Which storage solution is right for you

The world of technology gives birth to several innovations, in particular with regard to telephones. The integrated eMMC or MultiMediaCard continues to be the standard for flash memory. Meanwhile, UFS or Universal Flash Storage is slowly gaining the upper hand at a progressive rate. This new standard is faster and faster in accessing data without sacrificing power consumption.

Which storage solution is right for you

But in the end, is this the only difference between the two? Or, is there anything other than what it meets. What is UFS 3.0 capable of?

This is what we will appear in this comparison today as we compare the new UFS standard with the older (but popular) eMMC storage standard.

As it will be a long piece, let’s jump right, okay?

UFS and eMMC: what are they

UFS, unveiled by the JEDEC standards body, is a storage solution that determines how a device’s storage chip connects and exchanges information with the rest of the system. This system is responsible for speeding up data transfer, the application loading time and also the installation time of the application on most phones. And contrary to popular belief, UFS is not limited to smartphones.

It is also used in car media players, VR systems and Chromebooks. While the first iteration of UFS was announced in 2011, the UFS 2.0 standard was released in 2013. The UFS 3.0 standard was released in January 2018 while UFS 3.1 debuted in January 2020.

UFS 3 1

Which storage solution is right for you

If we’re talking strictly about phones, the Samsung Galaxy S6 was the first phone to launch with UFS storage in 2015.

The MMCA (MultiMediaCard Association) introduced eMMC in 1997. It is therefore a fairly traditional storage solution. However, it is still stable and mainly used in several consumer electronic devices, such as e-readers, smartphones and tablets, among others.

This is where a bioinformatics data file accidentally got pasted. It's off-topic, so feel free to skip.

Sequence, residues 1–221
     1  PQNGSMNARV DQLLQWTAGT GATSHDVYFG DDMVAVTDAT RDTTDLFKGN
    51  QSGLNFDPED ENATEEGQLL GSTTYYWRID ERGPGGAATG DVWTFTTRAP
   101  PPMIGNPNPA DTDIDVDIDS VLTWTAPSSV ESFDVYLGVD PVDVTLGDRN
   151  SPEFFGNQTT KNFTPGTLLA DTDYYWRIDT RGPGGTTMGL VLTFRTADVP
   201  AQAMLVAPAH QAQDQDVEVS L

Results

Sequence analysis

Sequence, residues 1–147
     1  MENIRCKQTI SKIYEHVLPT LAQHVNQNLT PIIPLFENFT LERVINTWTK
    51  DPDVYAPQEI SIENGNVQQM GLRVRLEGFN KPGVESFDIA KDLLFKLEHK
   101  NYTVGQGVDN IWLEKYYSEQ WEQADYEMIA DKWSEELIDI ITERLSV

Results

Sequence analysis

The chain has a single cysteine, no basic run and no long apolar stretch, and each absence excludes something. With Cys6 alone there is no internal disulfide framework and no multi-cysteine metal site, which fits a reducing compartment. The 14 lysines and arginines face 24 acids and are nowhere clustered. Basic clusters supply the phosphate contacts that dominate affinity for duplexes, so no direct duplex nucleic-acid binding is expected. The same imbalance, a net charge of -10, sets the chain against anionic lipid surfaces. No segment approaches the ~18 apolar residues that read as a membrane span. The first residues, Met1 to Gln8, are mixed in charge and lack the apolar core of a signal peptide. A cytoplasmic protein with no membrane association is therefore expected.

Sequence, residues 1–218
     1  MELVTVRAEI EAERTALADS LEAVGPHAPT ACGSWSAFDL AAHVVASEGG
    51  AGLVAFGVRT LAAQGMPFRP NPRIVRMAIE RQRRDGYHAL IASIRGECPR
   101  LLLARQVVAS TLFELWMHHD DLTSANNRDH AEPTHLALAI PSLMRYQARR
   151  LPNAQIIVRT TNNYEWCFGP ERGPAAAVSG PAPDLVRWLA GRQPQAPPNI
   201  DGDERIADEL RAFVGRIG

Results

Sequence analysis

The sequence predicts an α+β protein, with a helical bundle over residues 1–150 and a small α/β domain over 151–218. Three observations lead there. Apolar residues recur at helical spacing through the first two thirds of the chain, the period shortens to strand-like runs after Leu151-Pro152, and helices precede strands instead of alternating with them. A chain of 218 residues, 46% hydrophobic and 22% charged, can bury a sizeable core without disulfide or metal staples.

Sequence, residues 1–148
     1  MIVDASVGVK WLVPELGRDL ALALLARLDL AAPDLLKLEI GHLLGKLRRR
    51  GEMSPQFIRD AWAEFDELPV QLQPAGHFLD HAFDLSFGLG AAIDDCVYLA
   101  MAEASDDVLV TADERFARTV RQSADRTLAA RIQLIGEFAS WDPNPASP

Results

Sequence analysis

On a more technical level, eMMC is an advanced NAND flash memory which groups a controller outside of the flash memory.

Performance: how fast eMMC and UFS operate

Before we start, let’s clarify one thing. Storage solutions have been designed for faster file copying to improve your overall usage experience on phones and other devices.

Regarding the first generation UFS, it provided a read-write speed 3 times faster than its counterpart.

If we talk about numbers, UFS 3.0 offers sequential readings of 2100 MB / s while writing data at a speed of 410 MB / s. This means that your graphics-rich 3D games will load much faster. Compared to UFS 2.0, there is a massive 6x increase in read speed while the increase in data write speed is around 8x.

When you compare this with eMMC 5.1, there is a 6x increase in random play and an 8.5x increase in sequential reads. Overall, UFS 3.0 offers a peak data transfer rate of 23.2 Gbps. That said, these numbers represent theoretical speeds and the real numbers will be different.

UFS vs EMMC

Which storage solution is right for you

Source: Samsung

All of these numbers ultimately translate into better multitasking and faster turnaround time. And the sequential read-write factor is the icing on the cake. This increase in speed can be seen when you open a new application or capture a high resolution photo or 4K video.

Unlike him, eMMC is capable of one-way traffic. If you see apps crashing halfway or transfers are taking place at the snail’s pace, you know the reason. So if you need to multitask on your phone with eMMC storage, the system will wait for one process to complete before moving on to the next. Well, in this fast changing world, you have to be very patient with slow speed. EMMC speeds reach a maximum of 400 Mbps with a top speed of around 2 Gbps.

UFS is an advanced storage technology compared to eMMC. It is safe to call UFS as the future of flash storage on smartphones and other devices. That said, the eMMC standard is going nowhere, thanks to the low cost.

UFS and RAM

The performance of a smartphone depends on many factors, and RAM (Random Access Memory) plays a vital role in it. Simply put, RAM is used by applications and games to quickly move huge chunks of data between the processing core and the file system.